Everyone does the very best they can for their baby. That’s a given.
My best doesn’t look like your best and your best doesn’t look like your coworker’s best and her best doesn’t look like her cousin’s best.
That’s exactly the problem. Best for Babies is subjective.
As a parent, you can’t successfully achieve what Best for Babies looks like on paper. The paper Best for Babies exists only in a vacuum. It exists solely in a world where every single family has the exact same schedule, jobs, family network, social network, emotional range, spiritual beliefs, medical record, childhood upbringing, etc.
When we take Best and Optimal and apply them to real life situations, suddenly, it’s not so obvious. What might be “best practice” quickly becomes irrelevant and what is assumed as “best for babies” becomes a big, ugly beast: Shame.
I had X type of birth. I fed my baby via Y. My baby started sleeping through the night at Z months.
“But don’t you know what’s BEST for BABIES?!”
Yes. A healthy parent is what’s best for babies. It is the epitome of what matters.
People get outraged at the saying, “We want a healthy mom and healthy baby” as the outcome of a birth. If we expand our view on “healthy”, this saying is the crux of exactly what we want for births – and it’s exactly what we need for parenting the baby we welcome into our arms.
Healthy isn’t only a measure of bodily survival. It’s a measure of the WHOLE person. Mental health matters just as much as physical health.
Mental health is dependent upon SLEEP.
Mental health is dependent upon feeling safe – physically and emotionally.
Mental health is dependent on a sense of control and confident decision making.
Mental health is dependent upon a shared workload.
Mental health is dependent on real support, sans judgment, from a variety of relationships.
Mental health is dependent on overcoming isolation.
Mental health is dependent on having a space to vent and have uncomfortable emotions without condescending remarks such as, “Welcome to parenthood.”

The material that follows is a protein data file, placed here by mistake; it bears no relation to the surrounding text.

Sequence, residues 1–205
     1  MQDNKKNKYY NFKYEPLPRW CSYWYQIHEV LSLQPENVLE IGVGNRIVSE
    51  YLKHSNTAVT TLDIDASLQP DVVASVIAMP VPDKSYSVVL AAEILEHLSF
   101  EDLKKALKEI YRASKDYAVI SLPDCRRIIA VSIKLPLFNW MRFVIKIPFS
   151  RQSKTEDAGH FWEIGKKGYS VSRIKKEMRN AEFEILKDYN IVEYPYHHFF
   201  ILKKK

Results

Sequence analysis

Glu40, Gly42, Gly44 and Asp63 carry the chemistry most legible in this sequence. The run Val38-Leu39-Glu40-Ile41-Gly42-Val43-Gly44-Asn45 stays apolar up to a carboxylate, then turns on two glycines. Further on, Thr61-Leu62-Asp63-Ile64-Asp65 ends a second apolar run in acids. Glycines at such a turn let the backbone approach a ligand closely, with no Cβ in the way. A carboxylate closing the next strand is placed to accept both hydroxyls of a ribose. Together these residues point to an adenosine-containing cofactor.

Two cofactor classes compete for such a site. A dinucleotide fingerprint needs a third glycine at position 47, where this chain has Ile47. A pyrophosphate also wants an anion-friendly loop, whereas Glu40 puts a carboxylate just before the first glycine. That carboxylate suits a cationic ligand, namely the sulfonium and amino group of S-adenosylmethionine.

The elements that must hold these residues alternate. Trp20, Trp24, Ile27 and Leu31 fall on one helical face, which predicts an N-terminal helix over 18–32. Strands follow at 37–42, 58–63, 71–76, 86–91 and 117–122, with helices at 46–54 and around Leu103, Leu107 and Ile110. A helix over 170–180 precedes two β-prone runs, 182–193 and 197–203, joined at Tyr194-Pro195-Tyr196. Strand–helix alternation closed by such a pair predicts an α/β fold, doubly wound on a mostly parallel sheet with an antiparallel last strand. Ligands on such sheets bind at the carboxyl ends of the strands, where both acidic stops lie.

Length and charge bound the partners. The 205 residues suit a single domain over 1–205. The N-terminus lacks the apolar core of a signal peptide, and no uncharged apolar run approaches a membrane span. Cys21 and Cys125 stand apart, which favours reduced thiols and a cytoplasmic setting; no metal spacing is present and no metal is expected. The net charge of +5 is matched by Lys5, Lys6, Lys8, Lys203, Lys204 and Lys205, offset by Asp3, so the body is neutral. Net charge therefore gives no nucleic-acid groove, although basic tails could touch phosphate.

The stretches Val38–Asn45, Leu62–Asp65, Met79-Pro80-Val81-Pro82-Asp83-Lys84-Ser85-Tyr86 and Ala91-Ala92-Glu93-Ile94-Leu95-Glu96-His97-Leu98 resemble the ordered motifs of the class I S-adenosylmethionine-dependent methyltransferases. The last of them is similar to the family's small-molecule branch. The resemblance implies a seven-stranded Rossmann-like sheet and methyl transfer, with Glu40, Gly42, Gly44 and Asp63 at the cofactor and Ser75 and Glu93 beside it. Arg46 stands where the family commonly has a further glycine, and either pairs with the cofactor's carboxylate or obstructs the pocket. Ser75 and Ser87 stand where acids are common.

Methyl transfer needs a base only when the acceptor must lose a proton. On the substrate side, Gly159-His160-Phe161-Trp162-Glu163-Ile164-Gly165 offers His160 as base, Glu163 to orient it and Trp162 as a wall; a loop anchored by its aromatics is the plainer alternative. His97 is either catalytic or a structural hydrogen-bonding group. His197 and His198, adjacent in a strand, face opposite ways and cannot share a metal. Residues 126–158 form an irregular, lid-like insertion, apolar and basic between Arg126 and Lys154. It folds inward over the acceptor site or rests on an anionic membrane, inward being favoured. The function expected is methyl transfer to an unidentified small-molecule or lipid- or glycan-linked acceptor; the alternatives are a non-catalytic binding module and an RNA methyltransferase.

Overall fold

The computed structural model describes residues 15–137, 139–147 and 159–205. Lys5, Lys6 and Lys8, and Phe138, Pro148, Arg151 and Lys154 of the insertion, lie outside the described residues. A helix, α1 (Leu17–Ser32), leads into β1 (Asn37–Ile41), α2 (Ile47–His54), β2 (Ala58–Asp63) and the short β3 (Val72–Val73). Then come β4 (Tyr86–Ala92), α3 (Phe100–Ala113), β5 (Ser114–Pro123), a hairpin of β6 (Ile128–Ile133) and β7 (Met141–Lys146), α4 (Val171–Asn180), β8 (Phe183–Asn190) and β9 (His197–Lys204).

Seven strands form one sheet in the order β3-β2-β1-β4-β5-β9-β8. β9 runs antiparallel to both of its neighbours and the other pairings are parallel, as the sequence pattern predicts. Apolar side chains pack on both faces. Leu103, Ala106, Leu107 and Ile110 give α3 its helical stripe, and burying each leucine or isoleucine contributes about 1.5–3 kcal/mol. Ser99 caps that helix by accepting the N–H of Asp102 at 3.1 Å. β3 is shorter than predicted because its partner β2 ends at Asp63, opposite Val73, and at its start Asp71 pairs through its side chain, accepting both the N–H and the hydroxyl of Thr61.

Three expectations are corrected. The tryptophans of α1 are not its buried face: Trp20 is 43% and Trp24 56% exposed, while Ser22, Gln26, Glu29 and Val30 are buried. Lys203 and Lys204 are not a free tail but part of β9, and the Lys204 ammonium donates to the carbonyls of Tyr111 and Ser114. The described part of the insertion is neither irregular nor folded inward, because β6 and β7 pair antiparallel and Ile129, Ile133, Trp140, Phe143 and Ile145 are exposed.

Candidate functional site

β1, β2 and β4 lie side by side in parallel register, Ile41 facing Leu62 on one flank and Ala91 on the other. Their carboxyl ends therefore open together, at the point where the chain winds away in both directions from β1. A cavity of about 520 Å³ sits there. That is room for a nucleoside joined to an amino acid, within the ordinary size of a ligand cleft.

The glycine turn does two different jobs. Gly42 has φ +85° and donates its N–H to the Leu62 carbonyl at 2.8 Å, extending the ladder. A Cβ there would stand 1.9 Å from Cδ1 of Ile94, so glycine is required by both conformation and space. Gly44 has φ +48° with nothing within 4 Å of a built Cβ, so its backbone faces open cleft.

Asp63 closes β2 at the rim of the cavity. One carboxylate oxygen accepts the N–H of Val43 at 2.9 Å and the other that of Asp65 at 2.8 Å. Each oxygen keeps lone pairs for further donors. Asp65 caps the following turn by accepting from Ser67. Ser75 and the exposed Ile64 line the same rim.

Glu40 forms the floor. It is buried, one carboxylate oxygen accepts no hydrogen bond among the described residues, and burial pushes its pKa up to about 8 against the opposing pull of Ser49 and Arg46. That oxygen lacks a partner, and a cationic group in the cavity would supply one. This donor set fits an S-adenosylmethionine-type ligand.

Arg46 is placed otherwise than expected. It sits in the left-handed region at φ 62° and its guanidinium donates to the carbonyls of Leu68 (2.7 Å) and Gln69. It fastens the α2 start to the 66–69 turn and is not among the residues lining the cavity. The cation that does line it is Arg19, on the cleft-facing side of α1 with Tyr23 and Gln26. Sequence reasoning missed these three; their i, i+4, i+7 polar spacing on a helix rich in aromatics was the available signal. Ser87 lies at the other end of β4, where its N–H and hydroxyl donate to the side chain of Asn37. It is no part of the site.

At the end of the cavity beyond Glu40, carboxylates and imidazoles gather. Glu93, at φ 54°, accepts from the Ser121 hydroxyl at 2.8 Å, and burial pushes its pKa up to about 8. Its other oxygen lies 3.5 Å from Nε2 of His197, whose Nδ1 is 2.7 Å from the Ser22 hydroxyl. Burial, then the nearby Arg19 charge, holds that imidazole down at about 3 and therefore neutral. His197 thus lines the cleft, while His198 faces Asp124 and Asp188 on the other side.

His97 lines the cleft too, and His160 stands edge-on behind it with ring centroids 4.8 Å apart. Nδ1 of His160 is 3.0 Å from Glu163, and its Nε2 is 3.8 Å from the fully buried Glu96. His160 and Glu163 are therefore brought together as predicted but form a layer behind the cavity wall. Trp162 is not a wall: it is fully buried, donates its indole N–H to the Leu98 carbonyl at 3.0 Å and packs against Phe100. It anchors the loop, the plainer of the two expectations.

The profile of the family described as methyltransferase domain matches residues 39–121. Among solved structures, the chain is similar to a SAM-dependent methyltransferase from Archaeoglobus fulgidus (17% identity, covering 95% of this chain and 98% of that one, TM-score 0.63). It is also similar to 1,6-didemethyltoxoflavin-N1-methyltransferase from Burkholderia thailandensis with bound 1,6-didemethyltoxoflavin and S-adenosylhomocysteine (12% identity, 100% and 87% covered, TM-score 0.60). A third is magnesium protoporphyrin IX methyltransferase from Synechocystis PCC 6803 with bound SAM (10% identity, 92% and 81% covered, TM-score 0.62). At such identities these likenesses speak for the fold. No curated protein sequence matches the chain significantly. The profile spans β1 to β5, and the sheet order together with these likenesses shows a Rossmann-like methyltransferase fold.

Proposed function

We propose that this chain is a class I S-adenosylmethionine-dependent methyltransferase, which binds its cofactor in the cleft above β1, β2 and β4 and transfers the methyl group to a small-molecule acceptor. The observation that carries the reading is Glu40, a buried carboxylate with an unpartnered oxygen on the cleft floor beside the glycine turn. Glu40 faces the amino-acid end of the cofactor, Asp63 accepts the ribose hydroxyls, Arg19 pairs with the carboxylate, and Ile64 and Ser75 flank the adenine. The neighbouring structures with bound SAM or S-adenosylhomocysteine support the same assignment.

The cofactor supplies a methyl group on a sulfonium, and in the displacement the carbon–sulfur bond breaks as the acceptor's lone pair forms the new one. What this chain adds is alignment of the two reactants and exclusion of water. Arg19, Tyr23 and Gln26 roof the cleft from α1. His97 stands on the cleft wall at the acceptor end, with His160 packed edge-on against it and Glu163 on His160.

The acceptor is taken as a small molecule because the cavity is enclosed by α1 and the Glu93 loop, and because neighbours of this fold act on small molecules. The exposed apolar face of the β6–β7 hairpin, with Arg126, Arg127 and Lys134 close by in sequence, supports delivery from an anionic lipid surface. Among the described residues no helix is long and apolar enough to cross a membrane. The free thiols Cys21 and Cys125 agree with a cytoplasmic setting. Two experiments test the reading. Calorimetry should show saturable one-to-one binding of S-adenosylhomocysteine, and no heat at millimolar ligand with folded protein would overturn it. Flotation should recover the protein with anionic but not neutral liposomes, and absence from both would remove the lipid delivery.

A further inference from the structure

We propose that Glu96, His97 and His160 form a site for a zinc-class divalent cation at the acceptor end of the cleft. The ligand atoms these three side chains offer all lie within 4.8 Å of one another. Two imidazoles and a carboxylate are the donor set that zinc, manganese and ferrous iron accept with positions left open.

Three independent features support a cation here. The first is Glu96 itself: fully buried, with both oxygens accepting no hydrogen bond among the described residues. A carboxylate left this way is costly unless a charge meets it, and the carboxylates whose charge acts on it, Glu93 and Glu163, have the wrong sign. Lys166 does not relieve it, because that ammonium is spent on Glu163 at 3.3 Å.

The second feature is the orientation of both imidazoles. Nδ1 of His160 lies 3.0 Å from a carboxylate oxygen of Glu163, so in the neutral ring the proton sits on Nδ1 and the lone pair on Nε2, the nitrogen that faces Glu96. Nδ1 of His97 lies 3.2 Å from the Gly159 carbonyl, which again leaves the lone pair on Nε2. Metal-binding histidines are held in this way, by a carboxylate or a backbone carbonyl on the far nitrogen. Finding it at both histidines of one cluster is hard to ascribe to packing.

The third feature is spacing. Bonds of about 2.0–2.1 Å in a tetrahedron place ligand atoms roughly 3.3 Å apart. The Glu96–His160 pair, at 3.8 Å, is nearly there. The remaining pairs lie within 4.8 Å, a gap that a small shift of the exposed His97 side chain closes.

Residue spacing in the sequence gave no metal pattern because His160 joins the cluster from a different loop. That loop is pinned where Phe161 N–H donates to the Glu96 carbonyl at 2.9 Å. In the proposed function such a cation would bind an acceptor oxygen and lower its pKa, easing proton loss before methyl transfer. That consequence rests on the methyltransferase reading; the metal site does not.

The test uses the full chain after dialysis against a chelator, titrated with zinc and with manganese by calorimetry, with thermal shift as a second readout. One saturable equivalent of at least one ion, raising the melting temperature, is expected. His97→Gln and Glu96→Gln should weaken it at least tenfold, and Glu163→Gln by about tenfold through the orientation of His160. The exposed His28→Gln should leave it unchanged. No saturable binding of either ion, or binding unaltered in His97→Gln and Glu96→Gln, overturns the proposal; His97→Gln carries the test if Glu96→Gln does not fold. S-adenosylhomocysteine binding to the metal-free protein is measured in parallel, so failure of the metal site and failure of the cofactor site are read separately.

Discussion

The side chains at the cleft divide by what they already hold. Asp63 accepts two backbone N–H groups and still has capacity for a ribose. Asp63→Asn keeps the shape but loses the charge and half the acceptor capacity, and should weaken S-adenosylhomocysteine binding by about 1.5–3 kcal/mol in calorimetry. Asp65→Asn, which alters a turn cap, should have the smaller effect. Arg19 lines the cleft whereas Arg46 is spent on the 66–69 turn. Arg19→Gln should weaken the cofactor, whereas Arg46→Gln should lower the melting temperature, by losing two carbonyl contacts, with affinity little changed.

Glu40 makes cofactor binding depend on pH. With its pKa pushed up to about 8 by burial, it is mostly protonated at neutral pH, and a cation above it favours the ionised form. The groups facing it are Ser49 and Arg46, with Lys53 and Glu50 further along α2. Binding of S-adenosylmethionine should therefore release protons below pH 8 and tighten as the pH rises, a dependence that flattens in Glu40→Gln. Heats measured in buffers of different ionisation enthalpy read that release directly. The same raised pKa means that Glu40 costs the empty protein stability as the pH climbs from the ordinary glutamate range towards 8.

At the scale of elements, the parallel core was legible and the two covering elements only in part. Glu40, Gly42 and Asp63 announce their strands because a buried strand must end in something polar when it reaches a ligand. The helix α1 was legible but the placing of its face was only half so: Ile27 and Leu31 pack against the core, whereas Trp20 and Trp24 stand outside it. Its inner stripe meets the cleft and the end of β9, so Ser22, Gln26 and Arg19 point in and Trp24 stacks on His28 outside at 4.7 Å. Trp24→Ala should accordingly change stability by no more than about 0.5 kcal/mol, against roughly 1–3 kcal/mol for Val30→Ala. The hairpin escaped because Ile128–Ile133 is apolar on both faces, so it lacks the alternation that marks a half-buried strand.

Mental health is dependent upon addressing chemical imbalances and mood disorders without fear of being chastised.
Mental health is dependent upon being able to find and implement real solutions when any of these factors are in jeopardy, instead of being inundated with feedback that says hopelessness is a normal part of parenthood.
So the next time you’re tempted to pass quiet judgment – or worse, actively express judgment – to a parent who is doing their best for their baby, even when it’s WILDLY different than what’s best for your baby…
It’s that simple.
You don’t know the context. You might think, “Maybe they just weren’t educated enough,” or “What a lazy choice,” or “So selfish of them to put their needs above what the latest parenting method says is best for baby,” but what you don’t see is everything BEHIND that choice.
You can assume all you want. You can give your best guess.
But you’re missing the context. You aren’t privy to all the shades of gray that complete the picture. Nothing, NOTHING, is black and white in parenting. Nothing is black and white in adjusting to a new baby (no matter how many times you’ve done it before).
So unless you’ve offered to provide that parent what THEY say they need, then you don’t get a seat at their board of advisors.
Until you’ve ensured that every piece of their physical health and mental health is accounted for and intact, you don’t get to decide what’s best for their baby.
Let’s seek not to create an echo chamber of parents who make all the same decisions – whether met with success or with detriment – and instead strive to accept our fellow parents with open arms, open hearts, and open minds.
Because we truly are all in this together, and by developing the ability to care more about the people around us than only the choices they make, we’ll overcome the guilt of parenthood and design a world where every baby gets a healthy parent.